According to Festinger, who first put forward the theory, people feel most comfortable when there is consistency between their beliefs. Therefore, when they experience cognitive dissonance they will deal with it in one of three ways (or a combination of these). They can change one or other of the beliefs which are inconsistent; they can try to acquire more knowledge which may reduce the apparent inconsistency, or allow them to accommodate both belief systems; or they can try to isolate themselves from the information that conflicts with their own beliefs, or to denigrate the source of the conflicting information, so that they don’t have to change.

Religious belief can be a rich source of cognitive dissonance. The very first research on the concept was a study of a group of believers in the US whose prophet had told them that the earth was to be destroyed by a flood in December 1954, but that the faithful believers would be saved by aliens in a space ship sent by extra terrestrial Guardians. When the flood didn’t happen, some of the less committed believers gave up membership of the cult; but the most committed members remained, convinced by a new prophecy which said that their faith and good works had saved the earth from the planned flood.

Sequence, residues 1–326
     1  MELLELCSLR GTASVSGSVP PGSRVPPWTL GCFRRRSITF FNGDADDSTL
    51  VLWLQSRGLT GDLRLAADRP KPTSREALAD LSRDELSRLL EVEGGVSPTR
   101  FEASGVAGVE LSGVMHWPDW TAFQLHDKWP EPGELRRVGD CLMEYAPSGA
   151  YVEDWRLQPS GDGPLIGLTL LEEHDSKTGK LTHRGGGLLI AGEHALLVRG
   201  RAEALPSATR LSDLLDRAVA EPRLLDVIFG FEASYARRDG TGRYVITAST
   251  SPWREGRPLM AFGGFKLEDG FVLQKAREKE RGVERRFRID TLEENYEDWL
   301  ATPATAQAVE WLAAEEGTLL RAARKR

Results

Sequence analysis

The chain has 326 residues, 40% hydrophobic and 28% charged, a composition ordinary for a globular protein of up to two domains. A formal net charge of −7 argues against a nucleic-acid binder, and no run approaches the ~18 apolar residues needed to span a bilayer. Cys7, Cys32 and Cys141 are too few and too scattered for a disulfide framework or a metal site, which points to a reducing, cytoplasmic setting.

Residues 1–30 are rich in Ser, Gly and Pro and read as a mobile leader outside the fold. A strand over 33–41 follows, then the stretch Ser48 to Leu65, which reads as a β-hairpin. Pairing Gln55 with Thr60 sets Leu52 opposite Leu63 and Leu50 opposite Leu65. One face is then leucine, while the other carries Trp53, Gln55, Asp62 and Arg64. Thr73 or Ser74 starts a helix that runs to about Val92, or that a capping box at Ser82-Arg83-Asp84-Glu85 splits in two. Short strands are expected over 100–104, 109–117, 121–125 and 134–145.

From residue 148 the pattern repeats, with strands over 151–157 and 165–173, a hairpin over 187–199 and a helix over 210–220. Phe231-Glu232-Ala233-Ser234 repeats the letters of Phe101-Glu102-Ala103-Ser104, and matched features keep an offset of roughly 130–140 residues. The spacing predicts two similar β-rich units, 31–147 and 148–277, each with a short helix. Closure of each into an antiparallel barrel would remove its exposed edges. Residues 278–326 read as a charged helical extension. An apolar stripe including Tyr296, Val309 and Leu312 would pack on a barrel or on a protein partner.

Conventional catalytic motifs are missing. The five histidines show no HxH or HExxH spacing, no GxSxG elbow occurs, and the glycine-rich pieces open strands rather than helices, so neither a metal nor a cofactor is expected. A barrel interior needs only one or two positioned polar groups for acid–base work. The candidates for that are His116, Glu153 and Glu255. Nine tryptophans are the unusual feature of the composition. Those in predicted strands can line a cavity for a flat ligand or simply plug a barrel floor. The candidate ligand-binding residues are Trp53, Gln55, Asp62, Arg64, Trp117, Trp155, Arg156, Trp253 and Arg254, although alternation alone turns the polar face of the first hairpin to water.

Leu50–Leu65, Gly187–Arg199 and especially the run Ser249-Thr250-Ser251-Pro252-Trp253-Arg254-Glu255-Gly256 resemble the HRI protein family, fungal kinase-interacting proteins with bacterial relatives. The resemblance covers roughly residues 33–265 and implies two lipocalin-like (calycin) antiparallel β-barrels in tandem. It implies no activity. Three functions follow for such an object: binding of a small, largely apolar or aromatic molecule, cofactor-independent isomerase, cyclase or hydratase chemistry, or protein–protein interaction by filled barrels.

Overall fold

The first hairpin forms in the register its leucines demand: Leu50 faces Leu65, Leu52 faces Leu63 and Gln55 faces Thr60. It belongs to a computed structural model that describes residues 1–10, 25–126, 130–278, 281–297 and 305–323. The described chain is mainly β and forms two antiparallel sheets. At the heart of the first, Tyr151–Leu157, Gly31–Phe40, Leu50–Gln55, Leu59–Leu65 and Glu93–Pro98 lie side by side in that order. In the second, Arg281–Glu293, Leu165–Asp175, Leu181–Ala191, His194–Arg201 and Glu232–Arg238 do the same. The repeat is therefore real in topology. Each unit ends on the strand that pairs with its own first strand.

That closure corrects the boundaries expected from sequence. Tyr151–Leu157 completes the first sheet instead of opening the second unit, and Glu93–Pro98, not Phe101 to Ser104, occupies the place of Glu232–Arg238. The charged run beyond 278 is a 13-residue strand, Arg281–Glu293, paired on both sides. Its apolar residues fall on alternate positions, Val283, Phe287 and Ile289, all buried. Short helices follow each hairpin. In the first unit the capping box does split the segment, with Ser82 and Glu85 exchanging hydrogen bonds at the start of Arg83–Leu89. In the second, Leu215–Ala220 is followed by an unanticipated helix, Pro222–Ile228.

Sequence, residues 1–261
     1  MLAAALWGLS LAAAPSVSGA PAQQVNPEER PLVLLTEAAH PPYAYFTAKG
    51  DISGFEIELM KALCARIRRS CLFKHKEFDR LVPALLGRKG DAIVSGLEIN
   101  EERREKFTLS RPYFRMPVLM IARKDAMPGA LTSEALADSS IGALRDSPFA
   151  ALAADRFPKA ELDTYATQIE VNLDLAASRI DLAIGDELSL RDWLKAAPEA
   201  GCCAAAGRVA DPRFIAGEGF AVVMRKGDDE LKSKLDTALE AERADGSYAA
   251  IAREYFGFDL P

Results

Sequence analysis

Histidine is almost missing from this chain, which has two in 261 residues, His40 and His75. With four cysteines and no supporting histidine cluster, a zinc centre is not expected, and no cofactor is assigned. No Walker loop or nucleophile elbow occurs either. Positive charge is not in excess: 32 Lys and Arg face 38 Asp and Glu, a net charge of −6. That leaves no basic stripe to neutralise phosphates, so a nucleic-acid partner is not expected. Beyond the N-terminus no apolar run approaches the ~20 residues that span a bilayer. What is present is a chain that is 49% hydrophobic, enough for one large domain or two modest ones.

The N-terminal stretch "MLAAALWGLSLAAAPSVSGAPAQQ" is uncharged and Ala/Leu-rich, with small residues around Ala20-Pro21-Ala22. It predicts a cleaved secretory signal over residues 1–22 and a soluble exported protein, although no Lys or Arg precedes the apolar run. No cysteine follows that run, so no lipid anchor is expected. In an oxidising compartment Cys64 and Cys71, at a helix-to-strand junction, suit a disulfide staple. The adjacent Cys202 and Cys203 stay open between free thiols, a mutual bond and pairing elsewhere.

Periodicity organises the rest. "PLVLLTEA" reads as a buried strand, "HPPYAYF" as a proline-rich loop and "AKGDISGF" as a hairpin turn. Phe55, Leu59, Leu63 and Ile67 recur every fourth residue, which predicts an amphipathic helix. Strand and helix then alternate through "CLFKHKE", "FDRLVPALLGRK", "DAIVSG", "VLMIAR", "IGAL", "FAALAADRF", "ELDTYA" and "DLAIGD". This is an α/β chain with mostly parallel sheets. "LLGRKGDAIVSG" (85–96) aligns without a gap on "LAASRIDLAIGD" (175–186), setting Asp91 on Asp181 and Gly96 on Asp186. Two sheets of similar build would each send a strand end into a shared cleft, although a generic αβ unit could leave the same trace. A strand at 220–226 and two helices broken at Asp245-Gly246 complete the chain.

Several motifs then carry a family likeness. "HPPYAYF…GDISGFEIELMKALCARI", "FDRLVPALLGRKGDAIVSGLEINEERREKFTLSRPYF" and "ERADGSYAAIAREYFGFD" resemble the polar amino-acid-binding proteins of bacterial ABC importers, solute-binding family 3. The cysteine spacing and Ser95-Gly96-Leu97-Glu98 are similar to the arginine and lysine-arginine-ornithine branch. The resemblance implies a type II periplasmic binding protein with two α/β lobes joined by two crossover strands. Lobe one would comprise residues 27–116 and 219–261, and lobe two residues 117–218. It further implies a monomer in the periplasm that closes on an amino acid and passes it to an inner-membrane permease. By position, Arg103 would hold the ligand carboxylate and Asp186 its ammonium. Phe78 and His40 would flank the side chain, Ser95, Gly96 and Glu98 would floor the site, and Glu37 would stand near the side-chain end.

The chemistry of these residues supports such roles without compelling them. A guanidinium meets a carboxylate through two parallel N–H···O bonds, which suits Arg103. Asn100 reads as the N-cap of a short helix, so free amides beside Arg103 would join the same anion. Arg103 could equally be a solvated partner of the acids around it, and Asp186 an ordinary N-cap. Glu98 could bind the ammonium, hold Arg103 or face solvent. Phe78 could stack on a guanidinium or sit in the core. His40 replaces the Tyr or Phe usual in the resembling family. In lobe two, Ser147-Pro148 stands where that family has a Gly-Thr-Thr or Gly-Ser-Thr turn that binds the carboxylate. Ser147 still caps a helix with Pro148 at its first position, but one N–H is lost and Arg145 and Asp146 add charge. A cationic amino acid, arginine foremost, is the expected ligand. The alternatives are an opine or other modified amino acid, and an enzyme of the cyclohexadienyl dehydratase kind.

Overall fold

We twenty-first century Christians, who belong to one of the ancient world faiths, find ourselves constantly experiencing cognitive dissonance, because the scriptures and other foundation documents of our faith were written by people from a pre-scientific culture, whose way of understanding the world was very different from our own. And this season of Ascensiontide is one of the times when that dissonance becomes most acute. We read the biblical accounts where, apparently, a human body is transported up through a cloud, to be with God above the sky. We sing hymns which say things like ‘Now above the sky he’s king’ and ‘Hail the day that sees him rise, glorious to his native skies’. Yet, we have watched on TV as people walk on the moon, we have seen pictures from spacecraft of the distant planets, and even images from radio telescopes of galaxies, far distant from us in space and time, colliding, exploding and re-forming into new stars and galaxies. 

If we believe in a physical universe like this, then where is there for the body of Jesus to go to? Perhaps that is why so many in the modern church tend not to celebrate Ascension Day. The fact that it always falls on a weekday makes it easier to ignore it. Yet, our faith ought not to be something we just pick up on Sundays, and ignore the rest of the week; and the Ascension is a major festival of the Church, which means it should have something important to teach us about the Christian faith. So how can we deal with this particular instance of cognitive dissonance.